It is also worth noting here that in Kentish records for the time the position of Waggoner or Carter was generally regarded as a fairly prestigious and well paid one. They would be responsible for the complete welfare of the farm's horses, without which little could happen. As a result the Waggoner would be employed on a year's contract, guaranteeing his family their living regardless of weather and sickness and would often receive other benefits such as free cottage, coal and faggots. Whether Adey was beneficiary of such a standard of living is unknown but it would be nice to think so. And if he needed a constant reminder of the price of failure, just a few hundred yards up the road was the Sheppey Union Workhouse!
It is difficult to know exactly but it appears throughout this potted history that our Adeys all managed to stay one step ahead of unemployment which was quite credible and seemed to involve regular moves to new farms. As a result, by 1891 he left Whyburns and was now living with Martha and their sons at Ripney Hill Farm, halway between Minster and Sheerness and only a few miles from Martha's birthplace at Parsonage Farm, she had almost travelled in a full circle. The majority of Ripney Hill Farm is now covered by the Sheerness Golf Club but in 1891 both Adey and four of his sons were working there as Farm Servants, I assume that was another name for labourers. The average wage for the farm workers at the time was less than three shillings a day and in an effort to improve conditions for themselves and their workers, in 1894 local farmers formed local branches of the National Agricultural Union. A large number of the farm workers joined this Union in the hope that it would bring better security but there is little to suggest that it actually did.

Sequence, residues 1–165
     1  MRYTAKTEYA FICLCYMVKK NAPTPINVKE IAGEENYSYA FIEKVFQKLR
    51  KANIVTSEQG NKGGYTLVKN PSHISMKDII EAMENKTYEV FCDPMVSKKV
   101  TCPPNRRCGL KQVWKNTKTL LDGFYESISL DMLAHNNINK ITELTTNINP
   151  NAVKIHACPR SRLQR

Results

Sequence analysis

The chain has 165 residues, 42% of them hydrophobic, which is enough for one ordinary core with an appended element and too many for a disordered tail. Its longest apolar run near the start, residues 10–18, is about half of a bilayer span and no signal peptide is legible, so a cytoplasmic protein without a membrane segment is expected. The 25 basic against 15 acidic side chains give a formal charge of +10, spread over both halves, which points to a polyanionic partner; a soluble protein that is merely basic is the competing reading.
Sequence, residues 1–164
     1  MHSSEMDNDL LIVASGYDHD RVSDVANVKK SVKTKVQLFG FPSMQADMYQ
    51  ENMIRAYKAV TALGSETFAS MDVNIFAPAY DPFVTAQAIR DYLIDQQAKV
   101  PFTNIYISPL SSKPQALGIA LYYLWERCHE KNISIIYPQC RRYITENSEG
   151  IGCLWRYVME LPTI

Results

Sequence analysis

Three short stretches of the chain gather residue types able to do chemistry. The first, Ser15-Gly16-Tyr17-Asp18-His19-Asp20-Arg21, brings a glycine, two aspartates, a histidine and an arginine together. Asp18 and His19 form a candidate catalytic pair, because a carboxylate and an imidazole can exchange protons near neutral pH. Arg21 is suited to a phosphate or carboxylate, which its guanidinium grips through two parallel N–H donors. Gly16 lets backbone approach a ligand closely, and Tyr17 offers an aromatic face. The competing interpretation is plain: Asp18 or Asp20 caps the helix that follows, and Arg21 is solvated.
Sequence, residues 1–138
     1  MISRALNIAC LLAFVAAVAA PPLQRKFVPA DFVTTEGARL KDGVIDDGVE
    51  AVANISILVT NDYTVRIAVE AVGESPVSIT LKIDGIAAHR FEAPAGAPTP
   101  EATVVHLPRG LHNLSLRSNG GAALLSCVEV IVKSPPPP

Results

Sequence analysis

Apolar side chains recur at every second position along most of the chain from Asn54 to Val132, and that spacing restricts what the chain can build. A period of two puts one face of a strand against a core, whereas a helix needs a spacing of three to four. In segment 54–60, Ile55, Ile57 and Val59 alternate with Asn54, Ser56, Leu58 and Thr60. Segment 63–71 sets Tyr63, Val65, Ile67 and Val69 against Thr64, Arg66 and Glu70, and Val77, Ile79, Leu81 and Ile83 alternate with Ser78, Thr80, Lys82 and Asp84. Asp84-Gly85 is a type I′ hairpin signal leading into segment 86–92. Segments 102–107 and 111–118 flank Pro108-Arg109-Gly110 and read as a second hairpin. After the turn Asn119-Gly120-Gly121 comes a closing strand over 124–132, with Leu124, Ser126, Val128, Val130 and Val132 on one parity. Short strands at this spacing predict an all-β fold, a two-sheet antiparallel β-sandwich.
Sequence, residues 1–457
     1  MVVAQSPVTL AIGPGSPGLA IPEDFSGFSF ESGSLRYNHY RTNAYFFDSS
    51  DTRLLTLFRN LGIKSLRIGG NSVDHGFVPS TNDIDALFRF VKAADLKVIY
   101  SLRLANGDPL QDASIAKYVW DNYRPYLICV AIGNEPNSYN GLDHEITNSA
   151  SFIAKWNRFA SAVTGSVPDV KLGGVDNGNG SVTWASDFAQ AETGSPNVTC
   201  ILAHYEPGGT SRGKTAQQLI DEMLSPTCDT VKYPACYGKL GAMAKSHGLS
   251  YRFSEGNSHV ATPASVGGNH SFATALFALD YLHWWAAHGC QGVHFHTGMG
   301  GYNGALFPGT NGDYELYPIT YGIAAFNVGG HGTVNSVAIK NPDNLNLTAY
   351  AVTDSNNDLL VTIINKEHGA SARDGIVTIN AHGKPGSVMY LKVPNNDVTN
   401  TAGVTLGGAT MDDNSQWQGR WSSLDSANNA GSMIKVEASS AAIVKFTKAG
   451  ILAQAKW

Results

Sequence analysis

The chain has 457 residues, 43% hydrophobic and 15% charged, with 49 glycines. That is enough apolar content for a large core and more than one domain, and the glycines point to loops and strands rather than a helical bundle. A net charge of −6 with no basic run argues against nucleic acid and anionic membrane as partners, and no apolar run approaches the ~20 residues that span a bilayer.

The last record of Adey and Martha and their family, including the younger Adey, mostly living together was in 1901, they were living in the short High Street of Minster village itself. The High Street even now, is still barely much more than a hundred yards long but in those days was full on both sides by mostly wooden shacks on both sides of the street, some of which had become shops. Eventually in the 1920's many of them were destroyed in a fire that quickly spread along the High Street.
In 1901, despite now living in the very heart of the village, the Faulkner's had hardly improved their situation, the shacks were in very poor condition and things such as water and oil for lamps still had to be bought from the daily cart rounds, or water sometimes bucketed from a local communual well.
Here Adey and three of his sons were as usual still employed in the area as Agricultural Labourers, although there was an indication that times were changing. A fourth son was lodging in Queenborough and now employed as a railway plater on the Island's new railways.
Adey died there in 1907, aged 59 but for some reason I cannot find Martha's date of death. Their son, the last Adey, by 1911 was living as a boarder at Neats Cottages, between Queenborough and Minster and working as a labourer. Eventually he died in 1926 and is buried in an un-marked pauper's grave in the Sheppey Cemetery, which I have located. The last of an unusual name.
One last photograph that I must share with you, is that of my Great Grandmother Martha in her later years in Minster. There are those that say I have inhereted her severe look - I prefer to think that even then someone might of mentioned the word twitcher.